Charles Hughes, whose firing as a Lancaster correctional officer last year is on appeal and who heads the officers’ union, said there is plenty of time for cellmates to hurt each other or for a prisoner to sneak into another inmate’s cell.
“We could be releasing prisoners into the yard and be totally distracted, or the inmates will do something to divert our attention,” he said. “These diversions happen all the time.”
Furthermore, he said, prisoners often successfully lie their way into “sensitive needs” units with orders from gang leaders to kill another inmate.
“They say, ‘We don’t care where you are, we are going to get you,’ ” Hughes said. “My first nine years, we hardly ever saw any murders, but the last two or three years, there’s been a lot of murders at Lancaster. Why? I don’t know.”
Ponton was serving a sentence of life without the possibility of parole for a murder in Los Angeles. His cellmate, Christopher Bass, was imprisoned for second-degree robbery in Ventura County.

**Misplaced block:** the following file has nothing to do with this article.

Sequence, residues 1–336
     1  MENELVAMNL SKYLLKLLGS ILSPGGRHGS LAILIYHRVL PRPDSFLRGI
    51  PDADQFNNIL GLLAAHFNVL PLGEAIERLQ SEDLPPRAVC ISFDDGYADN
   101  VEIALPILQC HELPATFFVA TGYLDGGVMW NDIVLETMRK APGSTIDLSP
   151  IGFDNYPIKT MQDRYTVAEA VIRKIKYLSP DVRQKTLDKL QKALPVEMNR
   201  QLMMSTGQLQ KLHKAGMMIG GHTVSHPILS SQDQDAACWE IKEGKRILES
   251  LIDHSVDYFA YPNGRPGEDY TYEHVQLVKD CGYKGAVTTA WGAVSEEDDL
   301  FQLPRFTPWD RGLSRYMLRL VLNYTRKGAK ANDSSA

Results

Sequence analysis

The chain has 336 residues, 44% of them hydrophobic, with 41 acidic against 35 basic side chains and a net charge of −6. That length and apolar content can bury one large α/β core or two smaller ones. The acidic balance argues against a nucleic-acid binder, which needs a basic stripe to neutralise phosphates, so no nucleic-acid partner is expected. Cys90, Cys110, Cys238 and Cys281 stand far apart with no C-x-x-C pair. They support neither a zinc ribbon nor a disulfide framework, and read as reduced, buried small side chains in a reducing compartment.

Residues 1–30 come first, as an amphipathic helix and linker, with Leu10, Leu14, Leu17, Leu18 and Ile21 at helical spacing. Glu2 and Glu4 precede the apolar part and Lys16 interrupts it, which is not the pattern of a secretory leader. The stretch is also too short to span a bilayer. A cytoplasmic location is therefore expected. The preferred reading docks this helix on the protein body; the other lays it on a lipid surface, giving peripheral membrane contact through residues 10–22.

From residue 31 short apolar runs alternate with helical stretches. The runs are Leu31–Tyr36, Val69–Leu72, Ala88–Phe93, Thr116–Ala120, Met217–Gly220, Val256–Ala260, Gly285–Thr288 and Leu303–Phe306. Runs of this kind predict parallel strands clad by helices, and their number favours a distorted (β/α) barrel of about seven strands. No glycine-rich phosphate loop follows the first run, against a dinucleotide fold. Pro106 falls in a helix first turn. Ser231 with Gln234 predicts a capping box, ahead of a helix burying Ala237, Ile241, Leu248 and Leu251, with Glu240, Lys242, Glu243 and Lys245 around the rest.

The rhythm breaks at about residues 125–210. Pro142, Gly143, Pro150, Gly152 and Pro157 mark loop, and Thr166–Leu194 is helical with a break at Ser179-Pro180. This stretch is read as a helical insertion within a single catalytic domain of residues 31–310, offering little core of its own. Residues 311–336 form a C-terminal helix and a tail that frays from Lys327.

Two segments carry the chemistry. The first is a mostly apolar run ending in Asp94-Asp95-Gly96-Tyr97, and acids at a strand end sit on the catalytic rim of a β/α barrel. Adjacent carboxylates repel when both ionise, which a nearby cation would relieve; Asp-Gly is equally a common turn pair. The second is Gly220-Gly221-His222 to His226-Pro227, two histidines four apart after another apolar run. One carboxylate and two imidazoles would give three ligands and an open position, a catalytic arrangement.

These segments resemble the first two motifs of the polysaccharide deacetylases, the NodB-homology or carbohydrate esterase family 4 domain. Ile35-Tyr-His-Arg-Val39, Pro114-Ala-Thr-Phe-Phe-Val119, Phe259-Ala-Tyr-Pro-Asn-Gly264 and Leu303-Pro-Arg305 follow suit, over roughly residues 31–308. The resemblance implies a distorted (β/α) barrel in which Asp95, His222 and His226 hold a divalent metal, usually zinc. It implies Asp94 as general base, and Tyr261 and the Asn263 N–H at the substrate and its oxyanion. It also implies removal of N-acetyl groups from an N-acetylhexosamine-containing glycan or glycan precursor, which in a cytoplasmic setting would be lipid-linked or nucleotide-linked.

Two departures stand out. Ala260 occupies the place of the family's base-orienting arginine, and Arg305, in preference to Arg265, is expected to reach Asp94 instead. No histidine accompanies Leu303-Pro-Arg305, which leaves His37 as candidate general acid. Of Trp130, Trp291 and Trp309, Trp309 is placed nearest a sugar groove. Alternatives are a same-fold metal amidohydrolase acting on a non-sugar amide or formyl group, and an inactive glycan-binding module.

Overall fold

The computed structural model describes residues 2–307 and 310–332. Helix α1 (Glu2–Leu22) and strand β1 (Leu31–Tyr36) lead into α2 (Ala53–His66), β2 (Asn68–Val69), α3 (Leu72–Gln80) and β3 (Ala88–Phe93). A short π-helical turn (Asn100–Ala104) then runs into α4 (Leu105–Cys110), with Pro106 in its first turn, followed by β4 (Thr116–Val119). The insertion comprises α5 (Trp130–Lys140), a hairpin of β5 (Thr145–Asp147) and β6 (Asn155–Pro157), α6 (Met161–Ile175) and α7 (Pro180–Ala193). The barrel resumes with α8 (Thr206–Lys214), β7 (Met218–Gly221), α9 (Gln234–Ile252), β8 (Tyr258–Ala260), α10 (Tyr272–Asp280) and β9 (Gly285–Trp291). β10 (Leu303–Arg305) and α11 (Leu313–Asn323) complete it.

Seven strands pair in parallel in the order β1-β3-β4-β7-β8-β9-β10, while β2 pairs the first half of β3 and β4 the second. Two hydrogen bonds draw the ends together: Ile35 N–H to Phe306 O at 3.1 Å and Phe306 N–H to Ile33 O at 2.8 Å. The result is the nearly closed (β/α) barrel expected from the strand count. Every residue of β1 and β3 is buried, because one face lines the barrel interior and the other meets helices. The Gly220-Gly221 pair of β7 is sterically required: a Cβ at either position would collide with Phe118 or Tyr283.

Bass was being held as a suspect Thursday but had not been charged, and sheriff’s investigators said they had not ruled out that someone else may have killed Ponton.
Painter was serving a 25-year sentence for setting fire to then-state Sen. Ray Haynes’ office in Riverside after Painter became upset over having to register as a sex offender for a child molestation conviction.
State prison officials are also investigating the deaths of two inmates this month in Monterey County.